What happened to pharma?

The pharma industry has been good to me and my wife.  It has provided a good living and allowed me to grow professionally and personally.  Yet, as an Editor for PM360 and working on a consulting team I have been challenged to either remain quiet when I see clients, focusing too much on things that aren’t important to patients versus listening to our audience at a time when a lot of people are going to need good healthcare.

I entered the ethical pharma industry in 2000 as a marketing person with Lilly.  I learned, that to produce great online marketing programs, that we had to listen to patients.  I developed the first online community to support the launch of Sarafem and was lucky to be recognized enough to land a spot on the Cialis launch team.

The awards that I won were not as important as the feeling that I had that we were actually helping patients choose a treatment option.  I heard, in focus groups, how woman struggled with a severe form of PMS called PMDD and how they seemed to bond within the research groups.  I was lucky to have worked for some great managers who allowed me to “pitch my case” for what I wanted to do as well as some great regulatory and legal people.

By the time I left Lilly, 6 years later, something had changed.  Lipitor was the first huge pharma brand and other pharma companies took notice.  The race was on to create the next and the next blockbuster to sustain the company’s growth.  Soon sales became more important than patients and a philosophy of “getting the sale” trumped common sense.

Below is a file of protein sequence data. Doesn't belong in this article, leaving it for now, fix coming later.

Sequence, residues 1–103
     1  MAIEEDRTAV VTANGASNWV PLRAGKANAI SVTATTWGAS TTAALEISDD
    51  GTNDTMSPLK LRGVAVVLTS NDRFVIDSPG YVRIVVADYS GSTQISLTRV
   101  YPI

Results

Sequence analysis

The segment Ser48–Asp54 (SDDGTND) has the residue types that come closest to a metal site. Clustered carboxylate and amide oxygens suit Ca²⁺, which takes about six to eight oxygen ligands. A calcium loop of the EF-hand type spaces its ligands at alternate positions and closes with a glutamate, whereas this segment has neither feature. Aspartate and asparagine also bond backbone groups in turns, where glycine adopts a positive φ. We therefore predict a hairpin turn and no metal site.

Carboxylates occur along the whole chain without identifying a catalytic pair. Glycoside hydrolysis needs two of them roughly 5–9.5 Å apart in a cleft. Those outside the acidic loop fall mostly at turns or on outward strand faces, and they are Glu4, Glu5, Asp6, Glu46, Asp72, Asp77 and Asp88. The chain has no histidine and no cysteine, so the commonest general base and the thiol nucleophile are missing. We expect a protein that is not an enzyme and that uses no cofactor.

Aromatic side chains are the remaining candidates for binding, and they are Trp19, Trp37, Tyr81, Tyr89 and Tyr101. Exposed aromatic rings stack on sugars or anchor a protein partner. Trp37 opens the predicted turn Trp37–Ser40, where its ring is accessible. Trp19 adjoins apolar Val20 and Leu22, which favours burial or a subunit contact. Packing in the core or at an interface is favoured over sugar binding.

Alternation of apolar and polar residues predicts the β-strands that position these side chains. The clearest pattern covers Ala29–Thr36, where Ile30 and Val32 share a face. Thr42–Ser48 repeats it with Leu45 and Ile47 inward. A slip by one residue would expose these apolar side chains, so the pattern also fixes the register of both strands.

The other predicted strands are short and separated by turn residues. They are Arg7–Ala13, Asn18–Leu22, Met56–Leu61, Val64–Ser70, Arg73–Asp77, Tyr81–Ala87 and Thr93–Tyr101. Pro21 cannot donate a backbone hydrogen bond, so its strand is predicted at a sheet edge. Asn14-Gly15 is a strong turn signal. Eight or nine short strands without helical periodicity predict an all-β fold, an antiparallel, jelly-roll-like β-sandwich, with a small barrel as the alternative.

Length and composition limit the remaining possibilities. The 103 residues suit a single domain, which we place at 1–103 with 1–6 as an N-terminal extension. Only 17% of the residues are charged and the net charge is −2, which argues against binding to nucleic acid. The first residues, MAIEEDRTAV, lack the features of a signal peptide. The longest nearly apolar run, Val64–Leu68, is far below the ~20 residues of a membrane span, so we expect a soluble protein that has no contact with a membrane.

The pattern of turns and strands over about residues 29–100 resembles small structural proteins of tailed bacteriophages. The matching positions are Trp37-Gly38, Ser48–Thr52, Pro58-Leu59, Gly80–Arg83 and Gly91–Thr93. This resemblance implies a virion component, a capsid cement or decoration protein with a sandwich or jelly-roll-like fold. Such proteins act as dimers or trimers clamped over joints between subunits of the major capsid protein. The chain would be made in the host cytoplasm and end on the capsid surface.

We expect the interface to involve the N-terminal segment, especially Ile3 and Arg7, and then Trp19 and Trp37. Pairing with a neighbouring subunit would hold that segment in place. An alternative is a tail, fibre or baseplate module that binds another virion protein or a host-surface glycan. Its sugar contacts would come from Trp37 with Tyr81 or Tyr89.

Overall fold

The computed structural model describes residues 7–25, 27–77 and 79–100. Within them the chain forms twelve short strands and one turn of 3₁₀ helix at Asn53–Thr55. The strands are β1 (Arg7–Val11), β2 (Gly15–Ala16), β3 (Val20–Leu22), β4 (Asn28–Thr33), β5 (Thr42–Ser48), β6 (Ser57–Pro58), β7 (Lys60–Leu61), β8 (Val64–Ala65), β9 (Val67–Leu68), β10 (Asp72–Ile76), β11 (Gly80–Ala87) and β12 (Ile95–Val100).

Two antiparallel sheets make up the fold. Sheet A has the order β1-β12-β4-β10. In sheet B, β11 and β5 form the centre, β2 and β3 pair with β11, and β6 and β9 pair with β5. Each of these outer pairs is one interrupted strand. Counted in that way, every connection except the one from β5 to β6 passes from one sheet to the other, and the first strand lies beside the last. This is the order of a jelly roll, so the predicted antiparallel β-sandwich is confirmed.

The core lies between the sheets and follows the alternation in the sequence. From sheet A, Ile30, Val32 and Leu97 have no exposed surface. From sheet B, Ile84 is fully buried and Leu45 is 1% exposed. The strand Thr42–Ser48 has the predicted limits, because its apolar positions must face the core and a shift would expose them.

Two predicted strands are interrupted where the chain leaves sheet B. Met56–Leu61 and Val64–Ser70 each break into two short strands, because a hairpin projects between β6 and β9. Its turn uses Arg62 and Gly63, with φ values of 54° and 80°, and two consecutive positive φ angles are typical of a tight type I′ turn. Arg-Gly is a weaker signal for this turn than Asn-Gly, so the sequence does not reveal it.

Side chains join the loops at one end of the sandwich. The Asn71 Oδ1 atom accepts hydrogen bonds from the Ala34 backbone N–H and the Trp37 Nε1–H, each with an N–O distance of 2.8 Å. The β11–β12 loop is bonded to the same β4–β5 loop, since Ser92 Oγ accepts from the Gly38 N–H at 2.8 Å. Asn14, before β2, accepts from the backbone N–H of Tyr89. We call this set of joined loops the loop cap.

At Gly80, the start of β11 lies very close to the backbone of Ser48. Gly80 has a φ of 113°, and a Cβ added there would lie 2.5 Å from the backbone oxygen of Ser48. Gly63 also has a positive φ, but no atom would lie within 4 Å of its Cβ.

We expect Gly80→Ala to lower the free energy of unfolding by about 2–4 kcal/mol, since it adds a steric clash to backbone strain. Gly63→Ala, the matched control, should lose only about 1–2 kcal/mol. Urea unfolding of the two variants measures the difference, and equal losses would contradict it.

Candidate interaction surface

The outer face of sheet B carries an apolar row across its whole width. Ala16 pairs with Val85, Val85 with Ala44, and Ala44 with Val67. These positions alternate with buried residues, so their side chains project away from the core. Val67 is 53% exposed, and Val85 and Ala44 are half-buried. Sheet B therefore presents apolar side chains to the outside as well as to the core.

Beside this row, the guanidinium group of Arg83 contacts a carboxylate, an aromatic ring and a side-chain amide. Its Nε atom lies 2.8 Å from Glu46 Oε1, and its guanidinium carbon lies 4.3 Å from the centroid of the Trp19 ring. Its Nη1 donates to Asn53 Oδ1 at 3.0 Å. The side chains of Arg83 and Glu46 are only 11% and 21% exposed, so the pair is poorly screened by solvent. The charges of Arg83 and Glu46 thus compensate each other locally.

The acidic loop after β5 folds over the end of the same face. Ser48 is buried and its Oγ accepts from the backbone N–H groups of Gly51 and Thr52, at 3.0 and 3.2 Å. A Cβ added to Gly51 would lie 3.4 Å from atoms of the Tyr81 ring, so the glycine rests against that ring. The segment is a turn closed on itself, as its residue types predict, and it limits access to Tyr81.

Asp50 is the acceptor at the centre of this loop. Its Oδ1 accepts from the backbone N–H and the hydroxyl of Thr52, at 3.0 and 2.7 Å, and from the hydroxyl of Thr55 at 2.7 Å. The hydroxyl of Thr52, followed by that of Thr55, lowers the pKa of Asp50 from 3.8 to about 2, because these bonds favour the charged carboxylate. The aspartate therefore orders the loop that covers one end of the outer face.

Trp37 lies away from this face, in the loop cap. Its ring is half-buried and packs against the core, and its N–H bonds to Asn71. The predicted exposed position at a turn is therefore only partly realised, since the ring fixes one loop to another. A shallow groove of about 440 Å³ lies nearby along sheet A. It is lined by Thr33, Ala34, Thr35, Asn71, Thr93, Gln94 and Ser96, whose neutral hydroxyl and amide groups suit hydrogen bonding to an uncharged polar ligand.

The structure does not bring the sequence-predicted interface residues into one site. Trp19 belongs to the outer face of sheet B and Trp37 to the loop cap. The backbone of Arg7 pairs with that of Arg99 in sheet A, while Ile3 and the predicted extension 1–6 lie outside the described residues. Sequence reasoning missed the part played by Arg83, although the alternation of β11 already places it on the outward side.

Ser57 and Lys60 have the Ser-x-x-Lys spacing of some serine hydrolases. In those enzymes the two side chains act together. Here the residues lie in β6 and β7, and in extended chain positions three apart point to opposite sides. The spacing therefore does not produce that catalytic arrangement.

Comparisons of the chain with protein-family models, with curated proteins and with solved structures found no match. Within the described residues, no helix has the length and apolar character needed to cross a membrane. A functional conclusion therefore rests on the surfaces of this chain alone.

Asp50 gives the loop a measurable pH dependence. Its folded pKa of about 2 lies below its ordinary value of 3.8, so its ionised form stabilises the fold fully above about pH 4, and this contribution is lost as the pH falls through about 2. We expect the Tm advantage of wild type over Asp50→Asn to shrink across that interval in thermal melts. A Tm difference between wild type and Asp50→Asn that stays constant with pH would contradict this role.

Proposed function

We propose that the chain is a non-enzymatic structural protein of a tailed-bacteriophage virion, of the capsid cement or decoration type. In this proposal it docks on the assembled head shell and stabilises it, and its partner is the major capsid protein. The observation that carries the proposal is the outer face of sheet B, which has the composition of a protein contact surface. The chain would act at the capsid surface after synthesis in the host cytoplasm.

I still see a lot of very questionable practices being used by companies that “have to make their numbers” .  There was a time when I would stay quiet but that time has long gone.

Readers of this site know that I have been critical of the industry, but it’s because I love it so much that I feel we need to point out its failings. I have lost clients because of this stance, but my conscience is clear.

I will never ever stop being the voice that puts patients first and I won’t be part of anything that is illegal.

It was refreshing to see the CEO of Merck resign the President’s council based on his inaction against blatant racism, but I was very disappointed that pharma executives remained silent during the recent debate around the ACA.

There are people within the industry who love it as much as I do and they are trying in earnest to implement change.  As a realist, I also know that there are a lot of recycled people who are holding on to the old way of doing business.  For example the people that Amgen hired drove out the very people who put Amgen on the map.

If you love working in pharma than never give up trying to change it for the better.  The feeling of helping other people who have health issues makes it all worthwhile.

 

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